Reason 5 – Mr. Person made his conclusion based on the results of 23 of 40 vehicles examined by the agency. Mr. Person claimed that in these 23 vehicles, the black box showed that the throttle was wide open and the brake was not depressed at the moment of impact. Mr. Person claimed this evidence showed the drivers mistakenly stepped on the gas rather than the brake. Let’s assume Mr. Person is correct (I’ll address the veracity of his claim in a moment). Mr. Person then made the (il)logical leap that, because these 23 vehicles suggested operator error, then all instances of SUA must have been caused by operator error. The leap is simply too much, because Mr. Person failed to acknowledge any other possibility — even known causes such as floor mat interference and "sticky" pedals. Mr. Person also failed to acknowledge instances in which operator error could not have been the cause.

Mr. Person also assumed the data from the Toyota data recorders is reliable. Toyota has consistently claimed that its black boxes are unreliable:

The device is a prototype and "is still experimental," said Toyota spokesman Mike Michels. "We have found anomalies in the data that are part of our development of the system. It is our position that it is not reliable for accident reconstruction."

Other’s have documented the ongoing problems with Toyota’s data recorders and Toyota’s contradictory statements on the recorder’s performance. Yet this is the only data upon which Person based his assertion.

Moreover, if an electronic technical glitch is causing these vehicles to accelerate, then it is likely the same error sending the acceleration signal to the engine is sending an acceleration signal to the data recorder. Such signals would not likely trigger a fault and would cause a false reading within the black box, just as the false signal was sent to the engine.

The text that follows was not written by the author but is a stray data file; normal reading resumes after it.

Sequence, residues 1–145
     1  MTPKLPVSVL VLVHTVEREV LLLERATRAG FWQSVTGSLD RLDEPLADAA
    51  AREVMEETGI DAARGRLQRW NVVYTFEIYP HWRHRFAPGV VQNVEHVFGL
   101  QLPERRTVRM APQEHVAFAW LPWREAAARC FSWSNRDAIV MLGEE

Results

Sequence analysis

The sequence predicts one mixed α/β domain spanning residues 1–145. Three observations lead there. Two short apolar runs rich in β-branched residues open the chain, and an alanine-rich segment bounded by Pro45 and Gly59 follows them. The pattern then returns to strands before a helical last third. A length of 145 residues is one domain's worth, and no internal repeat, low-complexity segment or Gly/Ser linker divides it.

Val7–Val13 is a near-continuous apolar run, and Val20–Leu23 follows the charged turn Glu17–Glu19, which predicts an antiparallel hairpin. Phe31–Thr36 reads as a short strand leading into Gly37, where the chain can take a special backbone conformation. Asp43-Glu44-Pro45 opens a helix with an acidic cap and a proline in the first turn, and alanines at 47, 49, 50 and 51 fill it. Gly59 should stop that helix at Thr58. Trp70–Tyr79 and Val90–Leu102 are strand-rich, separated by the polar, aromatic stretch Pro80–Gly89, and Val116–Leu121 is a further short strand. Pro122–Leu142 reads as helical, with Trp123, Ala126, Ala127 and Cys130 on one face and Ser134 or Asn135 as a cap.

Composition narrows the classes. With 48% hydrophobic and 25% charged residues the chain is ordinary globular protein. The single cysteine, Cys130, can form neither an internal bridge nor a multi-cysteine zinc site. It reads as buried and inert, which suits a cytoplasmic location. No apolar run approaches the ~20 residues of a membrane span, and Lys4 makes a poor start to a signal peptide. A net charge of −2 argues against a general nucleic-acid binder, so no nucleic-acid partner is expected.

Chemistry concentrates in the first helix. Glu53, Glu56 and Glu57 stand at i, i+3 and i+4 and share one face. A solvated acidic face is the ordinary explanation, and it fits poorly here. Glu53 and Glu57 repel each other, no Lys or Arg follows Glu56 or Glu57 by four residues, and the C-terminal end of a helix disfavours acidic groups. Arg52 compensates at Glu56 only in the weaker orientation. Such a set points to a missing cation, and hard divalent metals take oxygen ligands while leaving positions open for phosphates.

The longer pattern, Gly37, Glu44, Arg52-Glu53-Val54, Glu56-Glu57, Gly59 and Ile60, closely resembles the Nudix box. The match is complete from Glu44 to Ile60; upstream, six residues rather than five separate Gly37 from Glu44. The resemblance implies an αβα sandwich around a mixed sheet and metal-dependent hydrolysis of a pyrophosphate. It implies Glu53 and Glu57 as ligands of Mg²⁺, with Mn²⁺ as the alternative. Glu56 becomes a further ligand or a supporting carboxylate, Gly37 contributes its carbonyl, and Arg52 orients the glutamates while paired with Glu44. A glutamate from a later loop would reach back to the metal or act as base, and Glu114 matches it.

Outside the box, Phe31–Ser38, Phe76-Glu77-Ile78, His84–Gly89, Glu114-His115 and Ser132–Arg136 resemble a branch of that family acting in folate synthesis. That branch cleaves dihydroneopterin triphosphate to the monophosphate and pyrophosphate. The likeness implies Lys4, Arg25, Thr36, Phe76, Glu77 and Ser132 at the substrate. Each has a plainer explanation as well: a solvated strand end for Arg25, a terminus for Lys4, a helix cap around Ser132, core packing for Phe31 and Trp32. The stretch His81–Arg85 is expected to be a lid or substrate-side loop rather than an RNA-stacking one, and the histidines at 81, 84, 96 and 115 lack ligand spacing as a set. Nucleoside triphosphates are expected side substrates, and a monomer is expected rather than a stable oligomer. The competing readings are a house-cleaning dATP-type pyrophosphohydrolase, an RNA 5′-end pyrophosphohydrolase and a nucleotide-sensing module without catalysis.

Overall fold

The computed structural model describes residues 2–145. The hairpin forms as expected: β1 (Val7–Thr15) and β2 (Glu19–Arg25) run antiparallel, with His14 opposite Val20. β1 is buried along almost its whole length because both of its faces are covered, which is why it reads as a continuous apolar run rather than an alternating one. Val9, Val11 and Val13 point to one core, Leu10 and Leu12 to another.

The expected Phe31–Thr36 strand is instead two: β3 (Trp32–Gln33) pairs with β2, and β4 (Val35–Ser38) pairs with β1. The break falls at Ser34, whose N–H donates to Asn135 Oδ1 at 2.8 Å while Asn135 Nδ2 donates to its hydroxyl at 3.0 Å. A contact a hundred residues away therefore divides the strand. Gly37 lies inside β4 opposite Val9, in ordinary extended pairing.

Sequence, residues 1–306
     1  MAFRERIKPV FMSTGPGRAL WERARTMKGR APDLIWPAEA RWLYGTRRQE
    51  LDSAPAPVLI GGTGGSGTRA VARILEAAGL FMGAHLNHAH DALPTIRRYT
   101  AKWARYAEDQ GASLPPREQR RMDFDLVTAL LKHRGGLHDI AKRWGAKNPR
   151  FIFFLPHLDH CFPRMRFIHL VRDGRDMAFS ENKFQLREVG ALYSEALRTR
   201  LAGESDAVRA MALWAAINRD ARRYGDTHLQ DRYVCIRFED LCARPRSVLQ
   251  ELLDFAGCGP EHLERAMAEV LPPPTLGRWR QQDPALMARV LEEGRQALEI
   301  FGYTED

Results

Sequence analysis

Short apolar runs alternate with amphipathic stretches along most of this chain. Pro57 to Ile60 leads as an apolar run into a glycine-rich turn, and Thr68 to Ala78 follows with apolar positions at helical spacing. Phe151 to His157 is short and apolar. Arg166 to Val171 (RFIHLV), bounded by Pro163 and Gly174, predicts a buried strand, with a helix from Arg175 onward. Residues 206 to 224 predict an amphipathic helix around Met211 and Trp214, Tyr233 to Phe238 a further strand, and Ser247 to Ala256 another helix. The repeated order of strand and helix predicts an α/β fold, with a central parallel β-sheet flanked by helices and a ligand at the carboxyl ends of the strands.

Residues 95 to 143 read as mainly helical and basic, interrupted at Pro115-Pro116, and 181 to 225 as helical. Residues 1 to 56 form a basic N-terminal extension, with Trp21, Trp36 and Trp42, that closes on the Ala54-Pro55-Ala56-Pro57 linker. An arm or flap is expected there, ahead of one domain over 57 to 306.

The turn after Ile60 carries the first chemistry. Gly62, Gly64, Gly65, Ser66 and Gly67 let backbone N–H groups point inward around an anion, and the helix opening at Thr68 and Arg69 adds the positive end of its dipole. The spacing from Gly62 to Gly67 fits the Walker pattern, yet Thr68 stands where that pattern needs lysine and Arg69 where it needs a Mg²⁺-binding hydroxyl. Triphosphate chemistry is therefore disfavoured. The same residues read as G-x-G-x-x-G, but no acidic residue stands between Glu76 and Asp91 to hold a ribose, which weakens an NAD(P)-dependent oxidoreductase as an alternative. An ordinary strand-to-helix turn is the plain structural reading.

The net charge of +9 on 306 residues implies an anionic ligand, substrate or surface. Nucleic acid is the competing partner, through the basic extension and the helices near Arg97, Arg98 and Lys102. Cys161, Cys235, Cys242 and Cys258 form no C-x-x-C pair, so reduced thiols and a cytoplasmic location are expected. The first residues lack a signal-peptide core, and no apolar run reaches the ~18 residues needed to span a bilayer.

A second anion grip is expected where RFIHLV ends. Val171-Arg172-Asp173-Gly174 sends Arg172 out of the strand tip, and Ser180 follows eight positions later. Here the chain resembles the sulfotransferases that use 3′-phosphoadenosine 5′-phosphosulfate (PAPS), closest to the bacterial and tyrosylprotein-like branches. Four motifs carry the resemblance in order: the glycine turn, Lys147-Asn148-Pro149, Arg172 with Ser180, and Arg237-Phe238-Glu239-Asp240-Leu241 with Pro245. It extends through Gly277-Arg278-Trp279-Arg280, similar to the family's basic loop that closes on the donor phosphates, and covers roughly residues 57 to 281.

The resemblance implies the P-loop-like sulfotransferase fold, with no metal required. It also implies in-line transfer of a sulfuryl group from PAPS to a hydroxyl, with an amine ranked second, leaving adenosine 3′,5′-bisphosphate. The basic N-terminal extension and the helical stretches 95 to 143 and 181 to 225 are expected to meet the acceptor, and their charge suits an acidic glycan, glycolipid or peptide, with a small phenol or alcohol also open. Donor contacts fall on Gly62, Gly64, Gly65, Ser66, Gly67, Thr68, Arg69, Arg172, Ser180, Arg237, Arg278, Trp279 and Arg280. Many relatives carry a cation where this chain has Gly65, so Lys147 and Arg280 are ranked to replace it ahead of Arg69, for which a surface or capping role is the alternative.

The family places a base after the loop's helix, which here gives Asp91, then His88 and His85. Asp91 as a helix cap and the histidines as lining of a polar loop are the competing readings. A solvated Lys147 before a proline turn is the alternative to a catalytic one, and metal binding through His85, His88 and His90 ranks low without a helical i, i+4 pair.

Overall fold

Mr. Person appears to have based his opinion on only a single, limited source of information and has excluded all other sources of information.

Reason 6 — What about Kevin Haggerty? Mr. Person ignored acceleration events for which no known cause of SUA was identified… like the SUA event that occurred to Kevin Haggerty. Mr. Haggerty owned a 2007 Toyota Avalon that experienced at least 5 different unintended acceleration events. Haggerty did not have accessory floor mats and his OEM mats were secured in place. Sticky pedals did not cause his acceleration events. Haggerty could not have misapplied the gas instead of the brake (because Haggerty wasn’t even in his vehicle). All known causes of SUA had been eliminated.

During Haggerty’s final incident, he was actually able to drive the vehicle — engine racing and brakes smoking — into the lot of his local Toyota dealer. Mr. Haggerty placed the vehicle in neutral and got out of the car with the engine continuing to race. Toyota service technicians examined the vehicle and confirmed that the unintended acceleration was not caused by floor mats, sticking pedals or driver error. The technicians also confirmed no error codes (meaning the computer was not detecting whatever was causing the problem).

"Once you eliminate the impossible, whatever remains, no matter improbable, must be the truth."

– Sir Aurthur Conan Doyle/Sherlock Holmes

Reason 7 — Safety and automotive experts have induced electronic faults that will cause unintended acceleration. Professor David Gilbert famously induced unintended acceleration in a report featured on ABC News. Others — including Toyota — have recreated Professor Gilbert’s experiment.

At the first presentation of The National Academies of Science on its Toyota acceleration investigation, Dr. T. Hubing, a vehicular electronics professor at Clemson, offered a presentation regarding electromagnetic interference and unintended acceleration. You can view the slides from Professor Hubing’s presentation here.

Some key points from Dr. Hubing’s presentation:

  • Current automotive electronics design and integration strategies are not sustainable
  • Automobiles are complex electrical systems
  • There are many systems capable of actuating the throttle and/or brakes
  • Identical redundant sensors placed too close together can cause each sensor to be affected in an identical way, resulting in a reading with no error code generated